Real estate’s “SOS”: how to future-proof a major asset class

Owners and managers must focus on sustainability, operational excellence and finding new solutions (SOS) in management and investment, to keep pace with changing market dynamics.

03-13-2023
Multi-use office

Authors

Sophie Van Oosterom
Global Head of Real Estate

The passive ownership model of treating property simply as a space from which to generate contractual long term rental income returns is fast becoming a thing of the past. Forward-thinking investors today are adopting active ownership approaches to all real estate sectors.

Recognising the impact of the rapidly changing market environment on different regions, markets, asset classes and - above all - tenant demand is crucial. Only from there, can investment and management strategies be tailored accordingly.

Critically, there is a need for a client-centric, business-led approach that seeks to understand what role assets can play accommodating prevalent trends in society or business. The way assets are managed can contribute to the wellbeing and business models of their occupants. This needs to be understood and actioned to ensure long term sustainable income and value from these assets for owners.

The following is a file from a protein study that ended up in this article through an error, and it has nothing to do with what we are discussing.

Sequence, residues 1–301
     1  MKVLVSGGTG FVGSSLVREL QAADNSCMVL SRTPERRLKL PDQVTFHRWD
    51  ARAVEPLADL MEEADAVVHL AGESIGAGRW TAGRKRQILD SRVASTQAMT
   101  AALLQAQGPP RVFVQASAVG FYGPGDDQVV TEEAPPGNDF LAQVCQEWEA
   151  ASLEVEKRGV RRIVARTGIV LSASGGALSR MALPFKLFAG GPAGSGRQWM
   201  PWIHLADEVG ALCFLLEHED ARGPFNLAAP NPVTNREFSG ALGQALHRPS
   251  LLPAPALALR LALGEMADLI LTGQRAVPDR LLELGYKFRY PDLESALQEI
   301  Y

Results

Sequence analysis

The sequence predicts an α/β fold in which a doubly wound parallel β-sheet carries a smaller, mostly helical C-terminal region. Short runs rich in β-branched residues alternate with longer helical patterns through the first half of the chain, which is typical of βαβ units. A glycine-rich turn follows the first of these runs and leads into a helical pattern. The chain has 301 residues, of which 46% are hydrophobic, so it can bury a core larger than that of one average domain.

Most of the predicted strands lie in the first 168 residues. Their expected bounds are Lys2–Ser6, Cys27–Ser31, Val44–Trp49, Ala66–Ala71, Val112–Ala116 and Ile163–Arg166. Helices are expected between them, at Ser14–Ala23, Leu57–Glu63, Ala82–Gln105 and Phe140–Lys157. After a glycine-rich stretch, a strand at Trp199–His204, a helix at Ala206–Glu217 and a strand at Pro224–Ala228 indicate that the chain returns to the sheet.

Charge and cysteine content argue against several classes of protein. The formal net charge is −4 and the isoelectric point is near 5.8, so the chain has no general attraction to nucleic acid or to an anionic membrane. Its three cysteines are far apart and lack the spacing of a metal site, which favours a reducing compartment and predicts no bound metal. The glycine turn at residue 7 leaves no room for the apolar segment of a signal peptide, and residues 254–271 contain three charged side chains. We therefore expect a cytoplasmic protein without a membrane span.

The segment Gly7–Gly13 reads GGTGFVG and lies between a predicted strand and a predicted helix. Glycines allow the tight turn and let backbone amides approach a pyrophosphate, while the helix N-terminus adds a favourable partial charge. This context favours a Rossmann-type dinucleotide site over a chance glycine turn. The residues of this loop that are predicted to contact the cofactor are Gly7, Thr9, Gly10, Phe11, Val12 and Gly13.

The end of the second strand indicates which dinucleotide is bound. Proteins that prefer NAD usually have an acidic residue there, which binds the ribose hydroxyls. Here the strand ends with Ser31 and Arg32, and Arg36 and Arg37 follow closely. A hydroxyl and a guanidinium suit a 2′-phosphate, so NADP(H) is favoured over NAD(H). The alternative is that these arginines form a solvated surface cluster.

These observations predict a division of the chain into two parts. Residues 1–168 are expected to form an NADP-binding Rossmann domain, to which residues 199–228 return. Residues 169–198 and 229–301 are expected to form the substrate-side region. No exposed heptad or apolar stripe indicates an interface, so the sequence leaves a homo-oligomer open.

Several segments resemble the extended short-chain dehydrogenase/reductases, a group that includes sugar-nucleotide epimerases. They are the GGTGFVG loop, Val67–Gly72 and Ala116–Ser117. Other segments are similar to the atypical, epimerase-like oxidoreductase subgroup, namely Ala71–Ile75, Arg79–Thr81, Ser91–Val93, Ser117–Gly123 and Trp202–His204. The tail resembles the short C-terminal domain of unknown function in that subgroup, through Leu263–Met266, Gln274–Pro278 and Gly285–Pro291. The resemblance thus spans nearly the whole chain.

This client-centric, business-led approach is also necessary to access the best investment strategies for a given trend. The chosen structure of the real estate investment, whether direct or indirect, via loans, or in the listed market, should depend on relative value, governance preference, opportunity and access to best operators.

Owners and managers should focus on three key areas both at asset and portfolio level, as well as to investing and management: sustainability, operational excellence and solutions that allow flexible contractual formats and investment structures.

We call it today’s real estate SOS.

Sustainability and operational excellence at asset level

Sustainability and operational excellence are often quoted separately, but in practice heavily interlinked at asset level. By its physical nature, real estate affords investors the ability to adapt and reposition assets for the modern world, to ensure they can be operated efficiently. This means running the assets to minimise use of scarce resources (like water and electricity), waste and carbon emissions, while contributing positively to business models of tenants and well-being of the ultimate occupiers.